To investigate the impact has on overall performance we have used a slightly modified version of our standard IOMeter test. Precisely we have run 8 test runs per device (1,4,16,64,128,256 queue depth) each test having 8 parts, each part lasting 60 min w/ an additional 20 second ramp up. The 6 subparts were set to run 100% random, 75% read 25% write; testing 512b, 4k,8k,16k,32k,64k size chunks of data. When each test is finished IOMeter spits out a report, in that reports each of the 6 subtests are given a score in I/Os per second. The results for the first two test runs/hours are discarded and only the last 6 run reports are averaged.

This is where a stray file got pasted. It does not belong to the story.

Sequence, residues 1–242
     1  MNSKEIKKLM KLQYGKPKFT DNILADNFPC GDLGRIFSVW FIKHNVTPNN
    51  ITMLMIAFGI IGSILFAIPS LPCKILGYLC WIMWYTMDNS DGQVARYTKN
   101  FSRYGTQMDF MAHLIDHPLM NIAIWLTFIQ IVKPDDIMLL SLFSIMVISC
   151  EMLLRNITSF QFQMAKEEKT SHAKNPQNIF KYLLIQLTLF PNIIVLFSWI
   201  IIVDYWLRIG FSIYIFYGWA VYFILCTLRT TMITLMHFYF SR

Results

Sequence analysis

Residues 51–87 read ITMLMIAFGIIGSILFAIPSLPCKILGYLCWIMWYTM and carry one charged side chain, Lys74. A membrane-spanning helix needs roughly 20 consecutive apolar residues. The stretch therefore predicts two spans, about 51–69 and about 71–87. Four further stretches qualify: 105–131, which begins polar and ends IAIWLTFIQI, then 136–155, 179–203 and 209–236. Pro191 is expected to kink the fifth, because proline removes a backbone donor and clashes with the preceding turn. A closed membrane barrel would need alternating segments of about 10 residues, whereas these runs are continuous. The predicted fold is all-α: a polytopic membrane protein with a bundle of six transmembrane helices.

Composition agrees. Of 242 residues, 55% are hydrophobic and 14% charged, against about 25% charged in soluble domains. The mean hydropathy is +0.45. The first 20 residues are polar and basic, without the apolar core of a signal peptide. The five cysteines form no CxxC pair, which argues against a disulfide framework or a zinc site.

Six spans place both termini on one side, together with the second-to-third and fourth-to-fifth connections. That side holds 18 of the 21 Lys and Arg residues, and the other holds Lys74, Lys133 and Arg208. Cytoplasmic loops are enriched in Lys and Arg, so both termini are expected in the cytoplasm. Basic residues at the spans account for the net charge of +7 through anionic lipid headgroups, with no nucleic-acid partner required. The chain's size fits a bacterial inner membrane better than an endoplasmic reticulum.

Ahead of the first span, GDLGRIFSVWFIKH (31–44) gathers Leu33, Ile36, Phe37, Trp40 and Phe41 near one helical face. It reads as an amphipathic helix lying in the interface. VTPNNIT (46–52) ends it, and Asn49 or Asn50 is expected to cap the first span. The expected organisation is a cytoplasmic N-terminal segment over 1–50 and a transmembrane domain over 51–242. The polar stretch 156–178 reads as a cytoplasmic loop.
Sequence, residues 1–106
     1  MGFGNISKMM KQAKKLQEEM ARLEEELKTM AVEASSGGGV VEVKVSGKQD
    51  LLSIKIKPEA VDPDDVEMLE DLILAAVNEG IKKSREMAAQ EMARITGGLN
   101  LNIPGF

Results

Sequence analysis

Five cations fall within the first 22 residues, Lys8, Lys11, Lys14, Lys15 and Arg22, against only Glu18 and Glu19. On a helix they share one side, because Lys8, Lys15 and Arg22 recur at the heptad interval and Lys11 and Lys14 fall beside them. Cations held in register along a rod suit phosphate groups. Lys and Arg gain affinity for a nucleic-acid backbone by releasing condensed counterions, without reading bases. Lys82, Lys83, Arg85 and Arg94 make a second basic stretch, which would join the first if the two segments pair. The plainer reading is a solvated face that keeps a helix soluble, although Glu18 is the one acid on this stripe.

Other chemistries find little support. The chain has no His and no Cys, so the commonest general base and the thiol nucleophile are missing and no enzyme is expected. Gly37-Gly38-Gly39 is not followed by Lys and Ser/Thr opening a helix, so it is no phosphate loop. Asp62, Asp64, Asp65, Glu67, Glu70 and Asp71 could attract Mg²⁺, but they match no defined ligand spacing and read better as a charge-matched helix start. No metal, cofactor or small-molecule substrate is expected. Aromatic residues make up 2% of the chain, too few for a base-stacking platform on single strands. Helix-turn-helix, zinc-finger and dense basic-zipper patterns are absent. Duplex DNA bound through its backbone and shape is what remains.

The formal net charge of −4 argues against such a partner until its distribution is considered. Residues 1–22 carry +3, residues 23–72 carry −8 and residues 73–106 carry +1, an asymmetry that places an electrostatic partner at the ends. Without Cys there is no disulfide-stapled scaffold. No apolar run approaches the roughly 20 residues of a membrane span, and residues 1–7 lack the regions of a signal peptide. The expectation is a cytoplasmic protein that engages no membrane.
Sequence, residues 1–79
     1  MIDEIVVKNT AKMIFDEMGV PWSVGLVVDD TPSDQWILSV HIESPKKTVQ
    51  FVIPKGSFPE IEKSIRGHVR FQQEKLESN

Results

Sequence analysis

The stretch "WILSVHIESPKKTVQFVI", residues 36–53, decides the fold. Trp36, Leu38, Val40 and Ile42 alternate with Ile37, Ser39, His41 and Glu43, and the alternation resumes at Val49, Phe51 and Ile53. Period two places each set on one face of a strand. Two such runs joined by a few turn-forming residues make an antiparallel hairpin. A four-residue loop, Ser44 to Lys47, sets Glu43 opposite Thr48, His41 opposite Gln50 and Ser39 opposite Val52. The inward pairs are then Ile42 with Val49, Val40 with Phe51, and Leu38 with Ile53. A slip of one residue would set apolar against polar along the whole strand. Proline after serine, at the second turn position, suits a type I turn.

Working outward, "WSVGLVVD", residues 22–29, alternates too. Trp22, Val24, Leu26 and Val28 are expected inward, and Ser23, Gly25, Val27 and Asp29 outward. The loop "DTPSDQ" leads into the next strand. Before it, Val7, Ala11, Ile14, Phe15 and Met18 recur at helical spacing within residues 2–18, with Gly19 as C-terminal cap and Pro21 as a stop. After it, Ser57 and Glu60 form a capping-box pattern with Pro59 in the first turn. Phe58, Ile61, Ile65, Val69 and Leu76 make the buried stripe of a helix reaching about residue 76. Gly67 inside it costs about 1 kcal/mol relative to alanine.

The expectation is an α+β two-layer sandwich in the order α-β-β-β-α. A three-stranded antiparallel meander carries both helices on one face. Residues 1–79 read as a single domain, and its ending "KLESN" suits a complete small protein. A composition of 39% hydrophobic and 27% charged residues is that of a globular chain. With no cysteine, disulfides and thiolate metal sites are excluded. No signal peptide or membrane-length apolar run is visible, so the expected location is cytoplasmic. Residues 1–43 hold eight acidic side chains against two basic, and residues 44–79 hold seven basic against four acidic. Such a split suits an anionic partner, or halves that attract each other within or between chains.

The two different result for each device in the chart are the results of the above test run with and without additional cooling. For “no cooling” the M.2 device in it’s out of the box configuration is installed in open test bed with no cooling and underneath a large (and hot running) video card. For “active cooling” results the same device has been installed in a PCIe adapter card w/ heatsink and active cooling via a 120mm fan pushing air over both sides of the M.2 card. These results represent the best- and worst-case scenario for any M.2 solid state drive. They are not indicative of average or typical real-world performance. Simply the best and worst a drive has to offer.